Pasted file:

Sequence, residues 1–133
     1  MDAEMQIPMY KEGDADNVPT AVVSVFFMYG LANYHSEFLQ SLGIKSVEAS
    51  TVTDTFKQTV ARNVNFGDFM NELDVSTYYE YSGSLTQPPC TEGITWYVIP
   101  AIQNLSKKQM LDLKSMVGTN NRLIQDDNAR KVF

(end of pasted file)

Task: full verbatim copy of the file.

Sequence, residues 1–133
     1  MDAEMQIPMY KEGDADNVPT AVVSVFFMYG LANYHSEFLQ SLGIKSVEAS
    51  TVTDTFKQTV ARNVNFGDFM NELDVSTYYE YSGSLTQPPC TEGITWYVIP
   101  AIQNLSKKQM LDLKSMVGTN NRLIQDDNAR KVF